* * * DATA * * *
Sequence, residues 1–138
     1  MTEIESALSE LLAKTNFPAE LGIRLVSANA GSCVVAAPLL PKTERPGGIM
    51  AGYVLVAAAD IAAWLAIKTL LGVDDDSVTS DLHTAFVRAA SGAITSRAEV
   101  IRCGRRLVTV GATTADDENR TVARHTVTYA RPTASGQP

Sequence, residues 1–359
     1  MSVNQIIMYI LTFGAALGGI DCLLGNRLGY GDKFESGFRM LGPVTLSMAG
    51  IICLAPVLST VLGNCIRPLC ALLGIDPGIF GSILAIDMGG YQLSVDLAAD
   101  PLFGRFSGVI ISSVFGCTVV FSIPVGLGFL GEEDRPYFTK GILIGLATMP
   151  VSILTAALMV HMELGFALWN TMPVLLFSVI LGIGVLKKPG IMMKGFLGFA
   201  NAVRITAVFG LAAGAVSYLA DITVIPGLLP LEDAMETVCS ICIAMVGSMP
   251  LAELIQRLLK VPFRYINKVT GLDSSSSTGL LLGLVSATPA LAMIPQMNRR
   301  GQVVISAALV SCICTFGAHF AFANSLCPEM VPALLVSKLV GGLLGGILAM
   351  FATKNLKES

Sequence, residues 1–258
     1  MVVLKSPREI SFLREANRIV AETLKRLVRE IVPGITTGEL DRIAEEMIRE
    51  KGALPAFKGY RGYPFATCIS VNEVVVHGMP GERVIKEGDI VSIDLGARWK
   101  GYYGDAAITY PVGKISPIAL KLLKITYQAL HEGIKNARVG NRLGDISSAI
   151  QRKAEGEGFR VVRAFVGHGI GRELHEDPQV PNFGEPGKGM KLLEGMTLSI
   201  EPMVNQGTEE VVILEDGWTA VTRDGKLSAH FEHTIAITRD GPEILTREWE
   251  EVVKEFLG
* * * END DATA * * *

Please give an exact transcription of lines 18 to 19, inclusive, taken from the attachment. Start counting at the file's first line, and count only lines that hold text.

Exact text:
   151  QRKAEGEGFR VVRAFVGHGI GRELHEDPQV PNFGEPGKGM KLLEGMTLSI
   201  EPMVNQGTEE VVILEDGWTA VTRDGKLSAH FEHTIAITRD GPEILTREWE